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Drugs that act like ‘guided missiles’ in cancer treatment
Posted By Abigail Klein Leichman On July 17, 2012 @ 12:00 am In Biotech | 3 Comments
“Monoclonal antibodies” may sound like a great name for a heavy-metal band, but actually they’re the basis of best-selling pharmaceuticals raking in about $50 billion dollars a year.
The two-year-old Israeli company Immune Pharmaceuticals is fast emerging as a leader in developing new ways to use these antibodies, which are found in drugs such as Herceptin for breast cancer, Remicade to treat autoimmune diseases and Erbitux for head, neck and colorectal cancer.
“We are building an Israel-based Center of Excellence for Monoclonal Antibody Drug Development with access to best-in-class novel technologies from world-class academic institutions including the Hebrew University of Jerusalem and the Weizmann Institute of Science,” says founder and CEO Daniel Teper. “We expect to initiate collaborative research programs with biotech and pharmaceutical companies later this year.”
Teper explains that monoclonal antibodies were discovered in Britain about three decades ago and led to a Nobel Prize for Georges Köhler and César Milstein in 1984, but early attempts to use them in pharmaceuticals met with failure.
“Only in the late 1990s did the first monoclonals become successful, and in the last 10 to 15 years they’ve become one of most important classes of drugs,” Teper tells ISRAEL21c.
Israel’s Weizmann Institute of Science played a significant role in developing these drugs, which are prescribed selectively to patients likely to respond best. “This is a big step up from the 1990s, when everyone with a certain disease got the same drug,” says Teper.
‘Guided missiles’ are the future of medicine
Today’s monoclonal antibody drugs must be administered together with chemotherapy, which often is effective but can cause significant collateral damage.
At the recent meeting of the American Society of Clinical Oncology in Chicago, the buzz was about new drugs combining the power of anti-cancer drugs with the targeting abilities of antibodies. The first generation of those drugs, antibody drug conjugates, is now being approved for resistant cases of Hodgkin’s disease and breast cancer.
Immune is going one step further, using nanotechnology and biotechnology to deliver existing and new cancer drugs more safely and effectively.
While currently only a few chemo pharmaceuticals can be attached to each antibody, Immune’s “guided missile” system “puts thousands of toxic drug molecules inside a nanoparticle like a spaceship, so it’s imprisoned until it gets to the cancerous tissue,” says Teper.
The method was developed by a team under Hebrew University Pharmacy School dean Shimon Benita, who chairs Immune’s scientific advisory board. Immune licensed it from the university’s technology transfer company.
“It has a double targeting mechanism — it goes through vessels into tissue, and the antibody gets it right into the cell. People are now saying the future of medicine, and specifically the future of treating cancer, is in the targeted missile.”
Immune director of research Oshrat Frenkel is further developing the platform in anticipation of several corporate partnerships, and the company’s new drug candidates based on this platform are getting the attention of major pharmaceutical companies even at this early stage.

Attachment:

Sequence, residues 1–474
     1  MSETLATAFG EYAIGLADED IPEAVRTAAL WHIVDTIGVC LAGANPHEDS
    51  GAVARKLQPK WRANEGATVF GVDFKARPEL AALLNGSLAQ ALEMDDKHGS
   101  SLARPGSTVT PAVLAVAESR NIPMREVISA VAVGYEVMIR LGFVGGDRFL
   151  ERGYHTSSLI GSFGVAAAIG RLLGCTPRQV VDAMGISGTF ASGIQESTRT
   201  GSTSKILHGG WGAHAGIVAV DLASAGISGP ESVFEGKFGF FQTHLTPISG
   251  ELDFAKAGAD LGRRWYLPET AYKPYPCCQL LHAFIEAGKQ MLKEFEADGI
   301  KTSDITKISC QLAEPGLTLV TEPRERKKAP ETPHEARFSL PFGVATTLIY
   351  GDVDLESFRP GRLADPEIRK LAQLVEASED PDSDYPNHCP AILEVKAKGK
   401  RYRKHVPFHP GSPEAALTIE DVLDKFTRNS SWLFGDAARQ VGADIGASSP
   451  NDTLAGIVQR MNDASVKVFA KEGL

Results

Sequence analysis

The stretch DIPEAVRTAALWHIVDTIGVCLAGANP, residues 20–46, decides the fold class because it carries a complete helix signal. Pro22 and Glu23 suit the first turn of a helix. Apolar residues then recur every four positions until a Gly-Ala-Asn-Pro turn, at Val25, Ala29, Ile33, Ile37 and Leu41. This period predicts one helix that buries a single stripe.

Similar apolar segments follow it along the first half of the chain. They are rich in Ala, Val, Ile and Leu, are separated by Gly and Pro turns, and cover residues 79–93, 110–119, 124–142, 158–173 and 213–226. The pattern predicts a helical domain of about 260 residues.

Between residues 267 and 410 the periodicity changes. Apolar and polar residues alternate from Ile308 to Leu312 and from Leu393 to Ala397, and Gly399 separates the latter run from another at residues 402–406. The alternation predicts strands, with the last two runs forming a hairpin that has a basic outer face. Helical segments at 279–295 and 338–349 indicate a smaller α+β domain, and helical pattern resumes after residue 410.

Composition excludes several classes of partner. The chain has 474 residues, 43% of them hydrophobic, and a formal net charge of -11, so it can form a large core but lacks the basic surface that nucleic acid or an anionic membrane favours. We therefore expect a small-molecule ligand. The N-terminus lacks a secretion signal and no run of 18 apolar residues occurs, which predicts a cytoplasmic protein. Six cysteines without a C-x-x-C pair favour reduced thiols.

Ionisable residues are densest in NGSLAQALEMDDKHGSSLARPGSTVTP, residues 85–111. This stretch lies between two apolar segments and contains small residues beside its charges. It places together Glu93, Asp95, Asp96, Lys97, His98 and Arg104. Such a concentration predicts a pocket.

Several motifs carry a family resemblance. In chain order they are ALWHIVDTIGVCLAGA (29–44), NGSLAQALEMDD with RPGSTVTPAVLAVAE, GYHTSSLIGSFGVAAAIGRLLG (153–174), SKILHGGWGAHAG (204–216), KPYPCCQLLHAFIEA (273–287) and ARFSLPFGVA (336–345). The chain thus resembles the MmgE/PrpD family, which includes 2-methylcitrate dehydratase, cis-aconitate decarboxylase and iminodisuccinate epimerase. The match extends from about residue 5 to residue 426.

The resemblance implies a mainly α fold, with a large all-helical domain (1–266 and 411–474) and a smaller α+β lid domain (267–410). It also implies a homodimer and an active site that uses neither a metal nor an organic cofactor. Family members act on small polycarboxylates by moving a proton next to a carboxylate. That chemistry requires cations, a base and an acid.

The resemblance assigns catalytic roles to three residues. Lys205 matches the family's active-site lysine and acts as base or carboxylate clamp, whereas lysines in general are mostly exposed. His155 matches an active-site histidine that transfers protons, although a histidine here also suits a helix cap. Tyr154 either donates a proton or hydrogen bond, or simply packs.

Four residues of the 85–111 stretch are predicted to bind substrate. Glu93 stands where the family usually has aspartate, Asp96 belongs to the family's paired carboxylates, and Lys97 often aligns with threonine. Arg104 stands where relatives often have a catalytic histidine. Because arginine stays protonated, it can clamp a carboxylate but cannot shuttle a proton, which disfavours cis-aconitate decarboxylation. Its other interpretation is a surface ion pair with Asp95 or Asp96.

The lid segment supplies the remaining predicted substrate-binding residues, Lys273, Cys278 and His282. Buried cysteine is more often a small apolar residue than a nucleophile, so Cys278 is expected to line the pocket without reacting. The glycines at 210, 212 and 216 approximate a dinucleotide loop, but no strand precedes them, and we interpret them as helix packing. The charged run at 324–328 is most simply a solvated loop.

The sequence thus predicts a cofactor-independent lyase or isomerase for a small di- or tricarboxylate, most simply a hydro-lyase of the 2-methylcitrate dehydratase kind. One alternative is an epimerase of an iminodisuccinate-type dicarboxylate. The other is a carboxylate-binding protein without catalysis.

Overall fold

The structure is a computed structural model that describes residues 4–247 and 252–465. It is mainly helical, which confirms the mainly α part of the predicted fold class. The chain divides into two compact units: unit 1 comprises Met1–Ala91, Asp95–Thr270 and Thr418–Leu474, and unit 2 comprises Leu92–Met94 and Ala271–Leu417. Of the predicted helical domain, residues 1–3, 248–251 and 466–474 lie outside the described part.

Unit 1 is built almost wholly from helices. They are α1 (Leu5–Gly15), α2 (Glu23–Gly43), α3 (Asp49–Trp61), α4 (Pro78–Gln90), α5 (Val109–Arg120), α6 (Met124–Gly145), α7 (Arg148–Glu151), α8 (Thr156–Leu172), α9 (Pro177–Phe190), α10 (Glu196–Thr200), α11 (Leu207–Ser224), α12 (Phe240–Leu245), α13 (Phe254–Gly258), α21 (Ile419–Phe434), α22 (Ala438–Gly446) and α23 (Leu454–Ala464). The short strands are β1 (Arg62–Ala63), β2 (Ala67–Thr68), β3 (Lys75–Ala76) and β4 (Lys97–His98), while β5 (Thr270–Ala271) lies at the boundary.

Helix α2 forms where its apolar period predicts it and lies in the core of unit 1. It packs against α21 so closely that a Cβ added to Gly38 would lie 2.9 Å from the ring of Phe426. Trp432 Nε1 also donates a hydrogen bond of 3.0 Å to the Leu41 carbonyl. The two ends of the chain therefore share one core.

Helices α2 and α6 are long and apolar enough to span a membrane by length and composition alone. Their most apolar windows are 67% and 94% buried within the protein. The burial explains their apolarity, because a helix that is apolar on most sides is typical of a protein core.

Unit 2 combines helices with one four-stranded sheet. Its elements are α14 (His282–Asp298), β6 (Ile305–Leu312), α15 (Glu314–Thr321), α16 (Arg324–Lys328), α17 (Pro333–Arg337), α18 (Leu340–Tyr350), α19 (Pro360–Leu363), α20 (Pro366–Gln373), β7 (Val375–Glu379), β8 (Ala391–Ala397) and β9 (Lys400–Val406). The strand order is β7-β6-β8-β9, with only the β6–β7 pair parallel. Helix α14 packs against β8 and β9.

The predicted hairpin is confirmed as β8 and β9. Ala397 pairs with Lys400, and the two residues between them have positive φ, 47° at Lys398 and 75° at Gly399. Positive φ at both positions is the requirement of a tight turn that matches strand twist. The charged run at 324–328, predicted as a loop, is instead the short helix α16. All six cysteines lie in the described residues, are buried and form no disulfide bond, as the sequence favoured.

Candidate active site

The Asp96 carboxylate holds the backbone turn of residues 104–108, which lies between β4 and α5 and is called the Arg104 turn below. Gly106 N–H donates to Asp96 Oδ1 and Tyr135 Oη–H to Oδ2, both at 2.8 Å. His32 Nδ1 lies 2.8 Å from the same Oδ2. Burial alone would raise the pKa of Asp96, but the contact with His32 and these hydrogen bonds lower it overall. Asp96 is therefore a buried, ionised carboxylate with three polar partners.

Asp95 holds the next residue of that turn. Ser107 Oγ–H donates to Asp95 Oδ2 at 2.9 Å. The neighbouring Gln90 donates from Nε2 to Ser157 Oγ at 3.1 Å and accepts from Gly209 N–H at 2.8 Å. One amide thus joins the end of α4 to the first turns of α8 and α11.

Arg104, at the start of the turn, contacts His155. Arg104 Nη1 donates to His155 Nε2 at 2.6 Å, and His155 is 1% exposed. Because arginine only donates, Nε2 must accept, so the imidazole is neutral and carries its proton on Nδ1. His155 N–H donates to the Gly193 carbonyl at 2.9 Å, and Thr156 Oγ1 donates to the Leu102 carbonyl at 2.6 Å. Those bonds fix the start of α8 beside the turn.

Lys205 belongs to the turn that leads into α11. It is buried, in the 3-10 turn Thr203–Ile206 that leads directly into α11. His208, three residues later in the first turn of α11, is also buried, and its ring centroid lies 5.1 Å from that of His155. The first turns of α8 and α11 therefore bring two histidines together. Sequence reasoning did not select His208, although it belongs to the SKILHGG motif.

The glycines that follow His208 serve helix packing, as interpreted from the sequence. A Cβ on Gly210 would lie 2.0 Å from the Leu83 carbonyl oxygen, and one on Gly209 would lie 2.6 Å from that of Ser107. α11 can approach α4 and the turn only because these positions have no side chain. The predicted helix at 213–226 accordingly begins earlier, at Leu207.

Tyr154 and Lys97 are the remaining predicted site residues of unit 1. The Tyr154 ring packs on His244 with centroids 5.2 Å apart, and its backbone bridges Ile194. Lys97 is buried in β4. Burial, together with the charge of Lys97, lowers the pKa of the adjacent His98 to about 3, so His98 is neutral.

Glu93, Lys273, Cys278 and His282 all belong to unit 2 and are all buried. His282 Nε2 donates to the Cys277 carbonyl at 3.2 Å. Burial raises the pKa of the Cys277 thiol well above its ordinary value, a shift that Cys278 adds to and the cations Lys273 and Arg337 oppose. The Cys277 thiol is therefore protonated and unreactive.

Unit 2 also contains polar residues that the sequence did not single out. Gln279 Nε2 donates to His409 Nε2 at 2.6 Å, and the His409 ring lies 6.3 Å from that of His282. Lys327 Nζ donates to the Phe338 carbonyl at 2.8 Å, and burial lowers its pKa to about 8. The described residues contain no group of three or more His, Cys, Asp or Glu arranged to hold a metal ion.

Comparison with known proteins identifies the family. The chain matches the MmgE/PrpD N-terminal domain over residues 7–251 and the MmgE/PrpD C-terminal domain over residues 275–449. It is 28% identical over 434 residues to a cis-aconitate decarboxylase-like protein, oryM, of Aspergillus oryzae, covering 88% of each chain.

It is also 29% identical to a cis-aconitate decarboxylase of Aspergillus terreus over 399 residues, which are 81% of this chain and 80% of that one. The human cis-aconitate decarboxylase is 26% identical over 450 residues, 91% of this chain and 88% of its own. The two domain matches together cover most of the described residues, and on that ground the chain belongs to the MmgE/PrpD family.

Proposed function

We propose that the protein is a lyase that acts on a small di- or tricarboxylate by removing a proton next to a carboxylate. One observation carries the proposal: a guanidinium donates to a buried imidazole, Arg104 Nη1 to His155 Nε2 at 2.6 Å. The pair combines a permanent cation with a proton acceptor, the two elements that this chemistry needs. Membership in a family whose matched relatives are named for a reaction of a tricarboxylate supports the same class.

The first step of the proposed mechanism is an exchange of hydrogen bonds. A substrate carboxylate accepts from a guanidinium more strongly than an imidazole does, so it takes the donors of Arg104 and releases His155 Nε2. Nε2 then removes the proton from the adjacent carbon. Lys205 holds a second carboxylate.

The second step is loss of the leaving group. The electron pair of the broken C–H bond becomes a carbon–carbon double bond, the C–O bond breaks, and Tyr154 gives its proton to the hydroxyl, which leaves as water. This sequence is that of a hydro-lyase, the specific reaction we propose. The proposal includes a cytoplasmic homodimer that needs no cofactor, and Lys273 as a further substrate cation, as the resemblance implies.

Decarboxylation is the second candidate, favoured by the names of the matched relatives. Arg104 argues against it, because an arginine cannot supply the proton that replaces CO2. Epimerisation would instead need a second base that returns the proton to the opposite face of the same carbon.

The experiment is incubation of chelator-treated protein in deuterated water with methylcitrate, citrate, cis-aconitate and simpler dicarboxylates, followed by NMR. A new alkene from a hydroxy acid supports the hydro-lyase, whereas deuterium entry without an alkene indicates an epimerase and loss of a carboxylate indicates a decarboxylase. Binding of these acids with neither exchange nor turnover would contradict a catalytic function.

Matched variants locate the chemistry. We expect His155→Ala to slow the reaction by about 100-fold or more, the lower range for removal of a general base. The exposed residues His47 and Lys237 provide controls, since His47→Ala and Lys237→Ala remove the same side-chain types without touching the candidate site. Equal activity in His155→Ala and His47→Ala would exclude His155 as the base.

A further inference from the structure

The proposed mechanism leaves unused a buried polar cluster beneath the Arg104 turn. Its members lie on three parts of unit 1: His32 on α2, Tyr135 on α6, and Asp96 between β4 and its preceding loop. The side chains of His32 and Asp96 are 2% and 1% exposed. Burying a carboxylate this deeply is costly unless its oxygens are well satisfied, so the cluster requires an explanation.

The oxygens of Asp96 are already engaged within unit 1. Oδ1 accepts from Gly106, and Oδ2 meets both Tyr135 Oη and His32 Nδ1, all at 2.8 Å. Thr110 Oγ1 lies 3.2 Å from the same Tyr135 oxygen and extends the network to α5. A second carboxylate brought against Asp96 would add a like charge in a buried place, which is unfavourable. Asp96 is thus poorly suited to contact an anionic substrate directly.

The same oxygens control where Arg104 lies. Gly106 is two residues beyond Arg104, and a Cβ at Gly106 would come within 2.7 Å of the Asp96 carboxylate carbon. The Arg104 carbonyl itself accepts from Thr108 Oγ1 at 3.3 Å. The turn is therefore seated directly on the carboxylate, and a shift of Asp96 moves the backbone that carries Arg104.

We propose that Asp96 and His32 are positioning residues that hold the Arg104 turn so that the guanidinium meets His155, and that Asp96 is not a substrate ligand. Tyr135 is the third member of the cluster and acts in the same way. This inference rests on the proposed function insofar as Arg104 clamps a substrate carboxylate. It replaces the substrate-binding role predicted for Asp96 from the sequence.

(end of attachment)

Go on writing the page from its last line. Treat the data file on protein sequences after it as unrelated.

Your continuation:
In May, the company began collaborating with the Weizmann Institute to develop antibody therapeutics targeting a growth factor that causes chemotherapy resistance in many patients with gastric, head and neck, ovarian and breast cancers.
New hope for Crohn’s and colitis
The second focus for Immune Pharmaceuticals is Bertilimumab, which targets a substance found in the blood and tissue that contributes to increased inflammation. The investigational drug now entering clinical Phase II trials in all major Israeli hospitals, with results expected in mid- to late 2013.
“We know it’s well tolerated in humans, and our priority is to develop it for gastrointestinal diseases such as Crohn’s and colitis,” says Teper. “We’re finding more potential every day for this drug. It has indications for eye diseases, too — it can be administered as drops for severe eye inflammation potentially leading to corneal damage and blindness.”
Immune acquired worldwide development and commercialization rights for Bertilimumab, developed 10 years ago by Cambridge Antibody Technology, now part of giant AstraZeneca.
“Our many programs require a lot of money,” Teper says frankly. Thanks to a portfolio that’s unusual for such a young company, Immune has raised more than $5 million from Israeli, European and US investors, including $1 million from the Office of Israel’s Chief Scientist split between the nanotech “guided missile” research and developing Bertilimumab.
“We are trying to raise $25-$30 million by the end of the year because scaling up is our focus,” says Teper. “We anticipate that in the next 12 months we will grow into a substantial company. Israelis have less experience scaling up companies, but Israel has the appropriate environment to build a global bio-pharmaceutical company comparable to what you have in the US.”
Immune Pharmaceuticals is headquartered in Herzliya Pituach with research labs in Rehovot and offices in New York City.
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